30th May 2023
It has probably not escaped your attention that governments across the globe are seeking ways to close their revenue gaps and to increase the amount of money they can claim back through taxation, not least in the wake of the coronavirus pandemic and ensuing lockdowns. This is one of the reasons why new laws and regulations are being introduced on a near weekly basis in a variety of countries. However for agencies placing contractors overseas this creates numerous challenges, particularly when it comes to keeping up to date with new laws in jurisdictions in which they operate. We’ve highlighted some of the latest cases for your agency – and the contractors you work with – to be aware of in order to steer clear of major fines and even prison sentences.
France takes aim at multinationals’ tax evasion
The already complex French corporate taxation system is set for change as the Minister for Public Spending, Gabriel Attal, announced his plans to tighten controls on the “ultra-rich” and on multinationals to ease the pressure on the middle classes. Attal outlined government objectives for tackling this controversial issue by announcing a 25% increase in tax audits “on large estates” by the end of President Emmanuel Macron’s five-year term. He said, “My plan is to pile pressure on the ultra-rich and the multinationals but also to alleviate the pressure on the middle classes and small business owners, to give them a breather. There is an overwhelming majority of French people who work, who pay taxes and who are the victim of this fraud.”
It is estimated that the French government is missing out on revenue worth anywhere between €30bn to €100bn due to various forms of corporate tax fraud, however under the new system tax audits would be carried out for the 100 largest companies on the stock market every two years. For VAT fraud alone, a study estimated that €20 billion was being lost per year, with Attal also suggesting that he would introduce mandatory electronic invoices for transactions between companies.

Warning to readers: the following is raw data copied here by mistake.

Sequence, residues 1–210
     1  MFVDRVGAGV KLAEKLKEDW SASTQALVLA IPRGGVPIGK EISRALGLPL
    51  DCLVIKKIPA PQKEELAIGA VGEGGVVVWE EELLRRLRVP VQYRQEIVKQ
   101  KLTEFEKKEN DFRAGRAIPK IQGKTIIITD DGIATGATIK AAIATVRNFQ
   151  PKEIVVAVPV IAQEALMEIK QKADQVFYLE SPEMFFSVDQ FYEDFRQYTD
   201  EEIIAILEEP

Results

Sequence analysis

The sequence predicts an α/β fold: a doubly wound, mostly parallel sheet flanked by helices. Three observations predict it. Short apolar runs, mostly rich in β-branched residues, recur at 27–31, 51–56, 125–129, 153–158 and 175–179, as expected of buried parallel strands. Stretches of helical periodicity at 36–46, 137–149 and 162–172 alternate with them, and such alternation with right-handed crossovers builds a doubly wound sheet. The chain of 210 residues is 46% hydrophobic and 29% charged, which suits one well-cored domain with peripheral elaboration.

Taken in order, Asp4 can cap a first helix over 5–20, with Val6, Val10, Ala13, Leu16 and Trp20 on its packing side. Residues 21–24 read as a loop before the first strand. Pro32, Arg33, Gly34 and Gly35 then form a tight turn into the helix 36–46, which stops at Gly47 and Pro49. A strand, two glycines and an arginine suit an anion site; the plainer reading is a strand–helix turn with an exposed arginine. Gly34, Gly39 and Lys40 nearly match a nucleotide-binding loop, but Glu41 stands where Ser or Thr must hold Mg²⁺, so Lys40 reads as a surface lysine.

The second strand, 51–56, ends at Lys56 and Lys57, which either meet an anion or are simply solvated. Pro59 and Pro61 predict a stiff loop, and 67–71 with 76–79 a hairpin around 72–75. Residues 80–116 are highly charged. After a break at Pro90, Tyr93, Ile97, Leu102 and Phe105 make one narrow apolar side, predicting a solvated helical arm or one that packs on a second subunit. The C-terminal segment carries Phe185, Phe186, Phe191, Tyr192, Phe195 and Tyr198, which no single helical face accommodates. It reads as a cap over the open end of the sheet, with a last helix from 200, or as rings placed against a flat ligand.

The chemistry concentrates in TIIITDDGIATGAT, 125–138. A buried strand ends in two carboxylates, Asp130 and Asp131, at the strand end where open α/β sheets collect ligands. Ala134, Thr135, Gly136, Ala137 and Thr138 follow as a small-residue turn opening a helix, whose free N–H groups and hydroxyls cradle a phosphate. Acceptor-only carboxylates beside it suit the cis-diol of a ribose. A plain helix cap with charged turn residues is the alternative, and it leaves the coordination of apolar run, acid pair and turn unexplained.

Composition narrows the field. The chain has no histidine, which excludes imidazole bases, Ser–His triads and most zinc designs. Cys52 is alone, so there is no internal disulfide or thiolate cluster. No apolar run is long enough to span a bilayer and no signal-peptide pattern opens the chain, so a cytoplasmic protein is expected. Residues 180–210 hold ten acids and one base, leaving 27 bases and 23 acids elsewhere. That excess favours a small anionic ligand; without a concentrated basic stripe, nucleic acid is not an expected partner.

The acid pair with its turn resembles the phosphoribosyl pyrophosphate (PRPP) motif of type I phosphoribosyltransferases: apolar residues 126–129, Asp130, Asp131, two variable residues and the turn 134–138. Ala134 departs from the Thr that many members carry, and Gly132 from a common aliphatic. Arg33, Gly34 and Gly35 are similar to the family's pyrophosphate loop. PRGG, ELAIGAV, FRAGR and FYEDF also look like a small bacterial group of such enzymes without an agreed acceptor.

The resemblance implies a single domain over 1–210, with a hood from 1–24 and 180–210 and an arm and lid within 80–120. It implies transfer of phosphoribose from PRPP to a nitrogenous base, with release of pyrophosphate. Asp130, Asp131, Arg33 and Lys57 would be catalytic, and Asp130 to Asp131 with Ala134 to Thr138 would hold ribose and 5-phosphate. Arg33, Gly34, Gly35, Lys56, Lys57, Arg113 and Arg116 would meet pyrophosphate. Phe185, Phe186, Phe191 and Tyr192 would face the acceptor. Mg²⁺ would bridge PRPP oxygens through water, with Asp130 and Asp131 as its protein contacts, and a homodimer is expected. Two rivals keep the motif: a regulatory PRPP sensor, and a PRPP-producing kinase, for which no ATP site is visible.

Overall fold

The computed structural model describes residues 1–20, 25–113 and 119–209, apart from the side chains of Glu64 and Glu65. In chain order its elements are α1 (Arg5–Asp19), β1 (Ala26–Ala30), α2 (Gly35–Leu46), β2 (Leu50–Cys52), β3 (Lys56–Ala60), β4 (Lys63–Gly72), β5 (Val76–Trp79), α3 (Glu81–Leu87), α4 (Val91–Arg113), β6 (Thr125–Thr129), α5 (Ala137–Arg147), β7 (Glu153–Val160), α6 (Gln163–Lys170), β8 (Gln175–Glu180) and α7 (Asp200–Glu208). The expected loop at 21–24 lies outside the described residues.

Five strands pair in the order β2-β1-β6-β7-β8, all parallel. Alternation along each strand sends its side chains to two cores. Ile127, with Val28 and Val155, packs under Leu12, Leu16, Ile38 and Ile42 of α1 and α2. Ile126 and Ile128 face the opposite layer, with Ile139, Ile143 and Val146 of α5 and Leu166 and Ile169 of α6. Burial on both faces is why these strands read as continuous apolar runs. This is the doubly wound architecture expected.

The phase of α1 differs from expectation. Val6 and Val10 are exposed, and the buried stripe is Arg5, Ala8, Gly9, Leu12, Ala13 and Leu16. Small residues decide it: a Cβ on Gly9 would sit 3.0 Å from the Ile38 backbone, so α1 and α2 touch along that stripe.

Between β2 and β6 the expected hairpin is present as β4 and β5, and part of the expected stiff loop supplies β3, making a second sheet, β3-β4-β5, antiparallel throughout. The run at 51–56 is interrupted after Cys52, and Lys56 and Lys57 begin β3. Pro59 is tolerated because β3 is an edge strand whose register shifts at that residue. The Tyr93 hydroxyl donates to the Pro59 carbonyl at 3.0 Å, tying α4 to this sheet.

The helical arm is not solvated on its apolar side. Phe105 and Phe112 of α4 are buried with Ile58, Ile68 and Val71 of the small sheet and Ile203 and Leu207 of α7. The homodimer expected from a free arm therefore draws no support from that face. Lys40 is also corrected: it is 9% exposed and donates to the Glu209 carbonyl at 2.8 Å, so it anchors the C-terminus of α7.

In order to deliver these changes, the French tax authority will create over 1,500 new jobs by 2027, increasing the number of officials in the country by around 15%, while staff numbers at the judicial investigation service would double in that timeframe. This shift highlights the importance and weight that France is placing on corporate tax fraud on its shores and should serve as a warning for any organisation operating here that believes it may be able to sidestep regulations.
Russia’s energy sector hit as Kremlin forced to increase tax
While hiring activity in Russia has (understandably) probably dropped at the moment, it’s likely that the knock-on effects of the Kremlin increasing tax on the domestic energy sector could be significant. Energy firms in the country, that have already been battered by Western sanctions, may become even further impeded from long-term growth as the Kremlin tries to squeeze more tax revenue from the sector. The price of Russian crude has suffered since the G7 and European Union imposed a cap of $60 per barrel in December that coincided with the EU’s ban on seaborne Russian oil imports, and a European official has labelled the latest tax increases as “definitely destructive to their industry.”